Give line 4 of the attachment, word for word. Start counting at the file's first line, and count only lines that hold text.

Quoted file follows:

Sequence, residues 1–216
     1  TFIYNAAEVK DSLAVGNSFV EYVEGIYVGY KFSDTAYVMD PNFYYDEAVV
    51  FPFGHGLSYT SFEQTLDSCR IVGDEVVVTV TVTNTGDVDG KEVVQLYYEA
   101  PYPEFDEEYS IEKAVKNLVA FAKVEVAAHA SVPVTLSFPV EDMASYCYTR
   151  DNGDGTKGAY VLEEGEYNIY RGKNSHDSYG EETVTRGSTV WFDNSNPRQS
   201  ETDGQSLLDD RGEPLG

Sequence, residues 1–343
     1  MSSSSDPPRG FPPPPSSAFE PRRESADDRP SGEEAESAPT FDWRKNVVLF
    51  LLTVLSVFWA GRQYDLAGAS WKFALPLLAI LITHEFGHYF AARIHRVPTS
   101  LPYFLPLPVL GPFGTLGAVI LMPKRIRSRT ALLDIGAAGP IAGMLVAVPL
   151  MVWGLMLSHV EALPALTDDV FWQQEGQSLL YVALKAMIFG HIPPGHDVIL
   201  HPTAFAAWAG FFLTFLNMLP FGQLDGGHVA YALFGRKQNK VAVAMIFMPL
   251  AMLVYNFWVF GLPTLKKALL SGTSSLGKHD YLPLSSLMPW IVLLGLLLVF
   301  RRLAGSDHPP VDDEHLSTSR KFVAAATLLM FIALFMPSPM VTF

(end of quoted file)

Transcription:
   101  PYPEFDEEYS IEKAVKNLVA FAKVEVAAHA SVPVTLSFPV EDMASYCYTR